Monday, September 19, 2005

The Emmys...

...are an embarrassment. I thought that the idea of the Emmys was to reward the best television performances of the past year. After watching tonight, I guess that is not the case. Instead, the Academy decided to give everything it could to the same people who always win. It was especially pathetic that Everybody Loves Raymond won so many awards, including Best Comedy Series, just because this was its final season. Note to the Academy: It was never a good show, and even if you thought it was, I can't imagine that the last season was one of the best. That is never the case, especially with a comedy series. Desperate Housewives obviously deserved to win this award and the fact that it didn't just shows how silly these awards are.

Other appalling decisions included Brad Garrett beating out Jeremy Piven for Best Supporting Actor in a Comedy Series. What a joke. Piven is inspired as Ari Gold, clearly the best character on Entourage, one of the most-talked about shows in the business. Meanwhile, Garrett is tall and has a deep voice. I was also extremely disappointed to see James Spader win Best Actor in a Drama Series for his role on Boston Legal. I needed an advertisement on the back of a bus today to tell me that this show was still on the air. Spader, who won last year as well, beat out Kiefer Sutherland (nominated for his role as the ultimate badass, Jack Bauer), Ian McShane (nominated for his role as the ultimate badass of the Old West, Al Swearengen), and Hugh Laurie (nominated for his role as the ultimate badass doctor, Gregory House). Do these people even bother to actually watch television?

Finally, there was Best Drama Series, a category won, ironically, by Lost. I was rooting for either 24 or Deadwood, but at least the Academy made a reasonable choice in this case. I would think that since the Academy clearly does not care about picking the best shows or best actors for its awards, it would at least consider the health of its own industry when choosing the winners. Maybe I'm wrong, but I would think that it would help to encourage increased audiences for new shows if they were Emmy Award winners. Sadly, I think at this point, anyone who owns a television knows about Everybody Loves Raymond and won't care if Doris Roberts wins her 5th Emmy or not. On the other hand, while a show like 24 might be critically acclaimed, it is not as popular as it should be with viewers. So perhaps an Emmy for Kiefer Sutherland might help keep a good show on the air. Whoops, I guess the Academy would prefer to continue having the airwaves polluted by shows like Boston Legal.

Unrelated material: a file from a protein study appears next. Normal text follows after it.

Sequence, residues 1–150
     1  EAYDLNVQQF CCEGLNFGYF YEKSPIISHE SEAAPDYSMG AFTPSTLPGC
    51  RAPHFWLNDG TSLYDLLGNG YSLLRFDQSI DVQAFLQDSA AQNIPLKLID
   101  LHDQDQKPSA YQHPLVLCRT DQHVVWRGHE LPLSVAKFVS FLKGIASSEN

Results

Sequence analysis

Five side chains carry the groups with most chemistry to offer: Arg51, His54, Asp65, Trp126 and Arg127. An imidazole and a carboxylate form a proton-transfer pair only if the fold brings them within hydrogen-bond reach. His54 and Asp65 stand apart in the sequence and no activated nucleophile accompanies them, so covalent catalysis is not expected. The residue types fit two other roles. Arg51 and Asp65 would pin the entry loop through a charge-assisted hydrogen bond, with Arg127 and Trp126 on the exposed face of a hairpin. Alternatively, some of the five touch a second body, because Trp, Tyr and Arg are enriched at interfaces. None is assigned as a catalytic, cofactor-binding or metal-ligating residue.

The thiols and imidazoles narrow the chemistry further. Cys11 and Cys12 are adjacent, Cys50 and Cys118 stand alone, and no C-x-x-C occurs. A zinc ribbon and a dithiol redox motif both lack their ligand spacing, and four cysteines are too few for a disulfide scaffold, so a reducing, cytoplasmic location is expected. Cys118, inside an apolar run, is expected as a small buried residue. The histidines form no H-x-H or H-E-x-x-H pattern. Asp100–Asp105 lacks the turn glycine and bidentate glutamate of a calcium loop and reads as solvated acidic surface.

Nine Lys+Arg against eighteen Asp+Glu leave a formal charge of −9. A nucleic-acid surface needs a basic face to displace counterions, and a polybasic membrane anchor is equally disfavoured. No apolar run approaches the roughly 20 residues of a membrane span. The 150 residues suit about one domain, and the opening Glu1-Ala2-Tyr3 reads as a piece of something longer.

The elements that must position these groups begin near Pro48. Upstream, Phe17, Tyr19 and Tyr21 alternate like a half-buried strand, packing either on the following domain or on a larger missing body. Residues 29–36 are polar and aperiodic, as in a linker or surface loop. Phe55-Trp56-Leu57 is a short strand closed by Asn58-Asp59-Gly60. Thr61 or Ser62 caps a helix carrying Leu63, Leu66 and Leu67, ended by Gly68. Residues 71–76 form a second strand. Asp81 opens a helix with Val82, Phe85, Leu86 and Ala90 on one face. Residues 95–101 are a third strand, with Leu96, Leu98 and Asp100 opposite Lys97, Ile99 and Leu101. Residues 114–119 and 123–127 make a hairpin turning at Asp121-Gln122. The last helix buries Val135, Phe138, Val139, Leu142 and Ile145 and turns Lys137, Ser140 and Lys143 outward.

1. zI don't think I'll ever watch again. Francis Conroy and Ian Mcshane are two of the very finest actors working in TV, film, or theater. For them to not win isn't simply egregious, it's boring. What's the point of watching a collection of speeches when the most interesting, talented, brilliant people are barred from the podium? I think the only way to avoid this kind of an "I can't get a gig at HBO, so I'll vote for shit" backlash is to separate the Emmy's into Network and Cable, like daytime and primetime. It's akward enough to put profound works of art in the same category as vehicles designed to keep you entertained while companies try to sell you shit. But when those works of art lose, the whole Emmy endeavour becomes an embarrassing celebration of mediocrity.

  2. I find myself agreeing with Lester entirely.

    BTW Rich, I thought this was your best post ever. I really enjoyed the tone of your outrage.